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US, China hold military talks amid uncertainty in Washington

Dialogue seen by some as move to defuse escalating military tensions between the two sides

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(Facebook, US Navy photo) 

(Facebook, US Navy photo) 

TAIPEI (Taiwan News) — The American and Chinese militaries kickstarted a three-day virtual seminar on Wednesday (Nov. 11) that some hope will help reduce the risk of a conflict between the global powers.

China’s Ministry of National Defense said in a short press release that the two sides were holding online talks from Nanjing and Hawaii focusing on the COVID-19 pandemic, disaster control, and humanitarian aid. This is the 16th such dialogue since the two militaries started exchanges on disaster relief in 1997.

The seminar comes as Washington grapples with administrative chaos and uncertainty amid President Donald Trump’s refusal to concede after losing the election. Trump’s abrupt removal of Defense Secretary Mark Esper and three top Pentagon officials this week has also caused concerns about national security and greater vulnerability.

Pang Zhongying, an international relations expert at the Ocean University of China, believes the talks are a “pragmatic sign” of engagement. The inclusion of the coronavirus on the agenda also signals a shift from the Trump administration’s belligerent approach towards Beijing on the front of pandemic response, wrote South China Morning Post.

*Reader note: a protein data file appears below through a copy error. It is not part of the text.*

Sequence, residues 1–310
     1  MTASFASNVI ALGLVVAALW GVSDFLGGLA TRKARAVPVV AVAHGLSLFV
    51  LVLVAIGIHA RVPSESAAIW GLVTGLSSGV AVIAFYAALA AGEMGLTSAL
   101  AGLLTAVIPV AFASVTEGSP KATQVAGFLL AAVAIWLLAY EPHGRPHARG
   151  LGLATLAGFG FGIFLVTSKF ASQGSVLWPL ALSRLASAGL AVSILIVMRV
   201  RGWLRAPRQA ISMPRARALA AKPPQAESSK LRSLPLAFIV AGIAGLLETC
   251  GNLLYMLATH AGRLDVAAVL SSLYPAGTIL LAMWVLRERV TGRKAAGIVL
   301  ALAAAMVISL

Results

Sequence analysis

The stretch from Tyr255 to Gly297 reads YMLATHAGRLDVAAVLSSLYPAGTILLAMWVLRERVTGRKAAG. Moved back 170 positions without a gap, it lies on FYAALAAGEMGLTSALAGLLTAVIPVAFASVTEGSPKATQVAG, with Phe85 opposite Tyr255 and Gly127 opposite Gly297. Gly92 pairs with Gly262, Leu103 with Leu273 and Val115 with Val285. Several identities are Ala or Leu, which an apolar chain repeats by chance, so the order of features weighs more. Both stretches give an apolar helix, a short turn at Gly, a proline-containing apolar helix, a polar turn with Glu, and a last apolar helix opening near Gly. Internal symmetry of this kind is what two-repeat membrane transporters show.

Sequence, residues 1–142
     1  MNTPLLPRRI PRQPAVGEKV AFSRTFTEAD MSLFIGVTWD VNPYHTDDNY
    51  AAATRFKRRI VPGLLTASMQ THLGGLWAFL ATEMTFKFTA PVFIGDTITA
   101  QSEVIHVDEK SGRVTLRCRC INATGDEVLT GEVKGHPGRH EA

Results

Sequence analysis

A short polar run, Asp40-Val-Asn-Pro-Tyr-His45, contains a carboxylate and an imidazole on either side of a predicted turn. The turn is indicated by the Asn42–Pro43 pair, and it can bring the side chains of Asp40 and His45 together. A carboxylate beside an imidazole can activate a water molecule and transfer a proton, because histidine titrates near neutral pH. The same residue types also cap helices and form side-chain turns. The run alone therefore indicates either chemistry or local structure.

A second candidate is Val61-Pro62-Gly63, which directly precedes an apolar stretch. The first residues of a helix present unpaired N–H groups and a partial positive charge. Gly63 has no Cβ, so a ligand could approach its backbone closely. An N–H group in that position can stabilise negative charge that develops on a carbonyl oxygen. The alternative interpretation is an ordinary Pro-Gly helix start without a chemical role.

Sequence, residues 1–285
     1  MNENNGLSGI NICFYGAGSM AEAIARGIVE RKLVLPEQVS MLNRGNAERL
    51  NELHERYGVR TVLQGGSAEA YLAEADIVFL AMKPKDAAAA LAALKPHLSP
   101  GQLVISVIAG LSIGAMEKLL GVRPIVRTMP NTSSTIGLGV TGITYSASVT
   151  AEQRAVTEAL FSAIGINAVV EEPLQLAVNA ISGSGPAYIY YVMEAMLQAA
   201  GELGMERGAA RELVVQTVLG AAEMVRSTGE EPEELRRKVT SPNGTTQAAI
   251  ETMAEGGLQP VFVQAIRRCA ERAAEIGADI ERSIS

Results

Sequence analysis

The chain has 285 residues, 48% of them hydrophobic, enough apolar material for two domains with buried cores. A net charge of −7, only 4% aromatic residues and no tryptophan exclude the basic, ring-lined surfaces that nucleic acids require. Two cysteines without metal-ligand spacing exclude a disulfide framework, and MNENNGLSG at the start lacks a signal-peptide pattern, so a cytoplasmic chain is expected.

Chinese Communist Party mouthpiece the Global Times cited a military expert as suggesting that low-hanging fruit such as disaster relief and medicine are the areas on which the two sides are still able to maintain communication.

Military tensions between the two countries have been growing in the past months, marked by more brazen maneuvers in the South China Sea and the Taiwan Strait. Beijing vowed retaliation last month after the U.S. announced additional arms sales to Taiwan.